It's a Saturday night, and Desi Spice is crowded. People are even sitting outside, 98 percent humidity be damned. Inside, a fan circulates balmy air around the tiny dining room, where wilted-looking Midtowners are sucking down bottles of Kingfisher and dipping bites of naan bread into cooling raita. It's a post-movie crowd, most likely, since Desi Spice occupies an upstairs corner of Midtown Promenade, just steps from the movie theater. In contrast to the barely contained mayhem downstairs at Apres Diem, Desi Spice is downright sedate. A Bollywood flick plays on the TV in the corner, the volume turned up high enough to provide a little background music but not overwhelm conversation.
Our young dinner companions, my brother-in-law and his cute blond date, haven't tried Indian food before, and they eye the menu suspiciously, wondering what they've gotten themselves into. It doesn't take much to ease them in: A round of iced chais and puffy fried samosas and they're hooked. Who doesn't love a samosa, after all? They're delicious here, stuffed with big hunks of carrot, cauliflower and potato, and deep-fried until golden brown and crisp.
Chicken pakoras (fritters) have taken on the scarlet hue of the tandoori oven (or food coloring), but the brash color doesn't compensate for a disappointing blandness. Pistachio-green dipping sauce, sweet and minty, does little to give them a lift, and the color contrast is ... festive. Speaking of colors not found in nature, chicken tikka masala is also Kool-Aid red. Though less creamy than versions I've had before, it's still beguilingly sweet and aromatic.
Next up is sizzling tandoori chicken, presented to the table fajita-style on a hot cast-iron skillet. By now, the newbies are getting into it, happily digging into pieces of smoky, pink-tinged chicken.
Mild in both appearance and flavor, lamb pasanda features tender chunks of meat stewed with almonds and dried fruit. Saag paneer, usually a crowd pleaser, is a bit too heavy for my taste -- I'd prefer more spinach and less heavy cream, not to mention a healthy dose of spice. In fact, nothing we tried at Desi Spice had much heat to it. The final dish to arrive at the table was a simple, golden-hued vegetable curry. Yet again, pretty to look at, but not much oomph.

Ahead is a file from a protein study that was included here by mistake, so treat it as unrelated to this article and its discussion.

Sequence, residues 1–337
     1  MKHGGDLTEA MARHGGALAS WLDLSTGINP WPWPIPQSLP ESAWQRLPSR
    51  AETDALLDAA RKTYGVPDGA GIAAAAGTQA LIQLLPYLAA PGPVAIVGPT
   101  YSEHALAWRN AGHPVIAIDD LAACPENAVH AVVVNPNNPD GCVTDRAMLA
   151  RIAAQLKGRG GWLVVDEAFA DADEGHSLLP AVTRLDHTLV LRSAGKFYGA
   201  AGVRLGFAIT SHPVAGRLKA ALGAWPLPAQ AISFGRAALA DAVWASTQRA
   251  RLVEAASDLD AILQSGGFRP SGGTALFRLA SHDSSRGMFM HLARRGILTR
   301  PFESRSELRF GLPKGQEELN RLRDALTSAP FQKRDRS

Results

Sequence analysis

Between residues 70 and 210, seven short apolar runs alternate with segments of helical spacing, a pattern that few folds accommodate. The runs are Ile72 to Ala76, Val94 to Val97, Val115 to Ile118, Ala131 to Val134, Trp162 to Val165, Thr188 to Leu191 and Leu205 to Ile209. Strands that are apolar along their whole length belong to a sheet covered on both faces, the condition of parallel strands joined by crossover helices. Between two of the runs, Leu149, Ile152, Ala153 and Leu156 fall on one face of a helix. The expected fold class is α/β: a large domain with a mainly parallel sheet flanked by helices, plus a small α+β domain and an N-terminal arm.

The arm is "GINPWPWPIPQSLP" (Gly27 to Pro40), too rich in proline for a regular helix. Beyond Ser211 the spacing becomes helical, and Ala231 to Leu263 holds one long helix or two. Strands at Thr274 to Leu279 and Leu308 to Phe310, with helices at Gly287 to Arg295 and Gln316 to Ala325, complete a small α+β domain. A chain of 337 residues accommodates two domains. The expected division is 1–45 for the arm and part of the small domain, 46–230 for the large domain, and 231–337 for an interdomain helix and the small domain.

For the occasion of introducing novices to Indian cuisine, Desi Spice is perfect. Nothing too weird, nothing too spicy. Thing is, though, that's what I like about ethnic food. There's a thrill to not knowing whether that first bite is going to freak you out or give you spasms of ecstasy. Oh well. The Indian food newbies are officially broken in now. Buford Highway, here we come.
Katrina relief dinner
Rathbun's Restaurant will host a dinner to aid New Orleans victims of Hurricane Katrina on Sun., Sept. 11, from 5:30-9 p.m. The "Taste Around" style dinner will feature different cooking stations from Atlanta's top chefs. Reserved tables of six can be purchased for $1,500 or $250 per seat. Standing reception tickets can be purchased for $150 per person. Call Rathbun's at 404-524-8280. 112 Krog St., Suite R. www.rathbunsrestaurant.com.
In anticipation of the second annual Harvest Midtown festival Thurs., Oct. 8, Eno owner Doug Strickland invites revelers for a pre-festival bash featuring art, food, fashion and wine Sun., Sept. 11. The afternoon will feature an informal fashion and trunk show hosted by Midtown-based LUI-B, live jazz by Squat and art by galerie MC and TEW Galleries. Tickets are $25 per person, and proceeds benefit the Piedmont Park Conservancy. 800 Peachtree St. 404-685-3191. www.eno-atlanta.com.
Sample the South
Canoe celebrates its 10th anniversary with a lineup of guest chefs from around the South on four consecutive Thursday nights. First up Sept. 15 is Scott Boswell from Stella! in New Orleans. He's followed by Hugh Acheson of the Five and Ten in Athens on Sept. 22; Chris Hastings of Hot and Hot Fish Club in Birmingham on Sept. 29; and Michael Kramer of McCrady's in Charleston on Oct. 6. Each chef will create his own four-course, prix-fixe menu (Canoe's regular menu will also be available). 4199 Paces Ferry Road. 404-432-2663. www.canoeatl.com.
Steak Your Claim
Morton's downtown is running a juicy special between now and the end of September. Two prix-fixe meals are offered: one for steak fans, the other for lobster aficionados. $69 per person gets you either a Morton's filet mignon with sauce Béarnaise, one 7- to 8-ounce Australian lobster tail, salad and steamed asparagus; or two lobster tails with drawn butter, salad and steamed asparagus. Decisions, decisions. 303 Peachtree Center Ave. 404-577-4366. www.mortons.com.
@TheGorgeousJR: "[It is] very inexpensive; we sell it at the shop. You can get it…
Where can you buy caul fat?
This looks amazing. However, I see a bell pepper on the counter, and bell pepper…
Love pork belly.
Some food just doesn't photograph well, even if it is tasty.